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Slaves

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Slaves become a visceral force when they play live.

Image of Slaves

@ ABC, Glasgow, on Mon 11 Jan 2016

We Like To Party by the Vengaboys rings around Glasgow’s ABC before punk duo Slaves take to the stage; it’s safe to say that of all the songs in the world, this blast from the past was not expected tonight. Isaac Holman and Laurie Vincent don’t play by anyone else’s rules though, and by the time they bolt onto the stage, the crowd is already jumping and the party is in full swing.

They quickly launch into their opener Ninety Nine, cementing their intentions for the night ahead. It’s bursting with aggression, led by Vincent’s galloping bass with Holman’s sneering vocals on the chorus. This moves seamlessly into the equally abrasive Live Like An Animal, which has brilliantly menacing riffs from Vincent, followed by Despair and Traffic, its huge, echoing chorus filling the room.

Following the release of their debut album, Are You Satisfied?, in June last year, the two lads from Kent have been heralded for their mini punk revival. Their guitar, drums and voice set up is so simple yet so effective, particularly when they play live, becoming an almost visceral force. The attitude-laden racket they create is reminiscent of classic 70s punk, while their grime influences allow them to remain incredibly relevant to today’s music scene. A quick scan of the predominantly young crowd indicates that they have won fans from numerous trends and genres; there is a fair mix of Adidas tracksuits, Fred Perry polo shirts, mod haircuts and skinheads on show around the venue.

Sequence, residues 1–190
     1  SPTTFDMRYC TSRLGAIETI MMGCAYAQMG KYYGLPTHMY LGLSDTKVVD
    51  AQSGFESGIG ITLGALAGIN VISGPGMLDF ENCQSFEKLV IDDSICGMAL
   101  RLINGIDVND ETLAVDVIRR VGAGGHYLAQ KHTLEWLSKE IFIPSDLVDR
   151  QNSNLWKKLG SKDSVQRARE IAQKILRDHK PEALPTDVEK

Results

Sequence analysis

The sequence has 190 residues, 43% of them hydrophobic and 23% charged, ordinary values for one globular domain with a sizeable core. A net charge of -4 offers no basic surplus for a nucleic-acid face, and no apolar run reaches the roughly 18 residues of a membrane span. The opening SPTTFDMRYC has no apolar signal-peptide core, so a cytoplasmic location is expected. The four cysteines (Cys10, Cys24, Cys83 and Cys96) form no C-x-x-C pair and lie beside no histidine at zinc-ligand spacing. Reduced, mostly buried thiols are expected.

Their debut album hits you right in the face from first listen, but the songs are even better when they are brought to life in this ferocious manner. Holman is all about the crowd participation, often bellowing out words from pending songs and getting a suitably rousing reaction. Fan favourite Sockets cranks up the atmosphere another notch as he frantically spits out its lyrics, while The Hunter and White Knuckle Ride have a primitive energy about them that is hard to top. You certainly wouldn’t know that the drummer had dislocated his shoulder a few weeks previously, resulting in this date being rescheduled, as he frantically pounds away at his drum kit effortlessly for the duration of the gig while screaming out his lyrics simultaneously.

It has to be said that Slaves don’t delve into the kind of cutting political commentary that bands like Sleaford Mods do; they are perhaps not as gritty as they believe themselves to be. Some of their songs are just plain daft; In Dog Years You’re Dead and Where’s Your Car Debbie? are two stand-outs for this reason, the latter about walking a girl back to her car after reports of a Sasquatch in Kent. However, this is all part of their charm.

It’s good to see that the punk duo don’t take themselves too seriously; they often take breaks in between songs to have humorous banter with the crowd. They are likeable guys who clearly love what they do and are all about having a good time, ensuring that their fans do too. At one point, the pair convince security to let a boy stay in the venue following an impressive crowd-surfing attempt and they receive a heroes’ response.  However, admirably, they do stop a song at one point to tell off a guy who they believe to be a harassing a girl in the crowd. The duo have been very vocal in the past about ensuring fans have a safe experience at their gigs and it’s good to see that they are true to their word in this instance.

Slaves know how to put on a punk show, and they rattle through their 16 song setlist in just under an hour.  They are undeniably an exciting addition to British rock music and it’s unlikely they’ll be seen in venues of this size again anytime soon. Are you satisfied? Most definitely.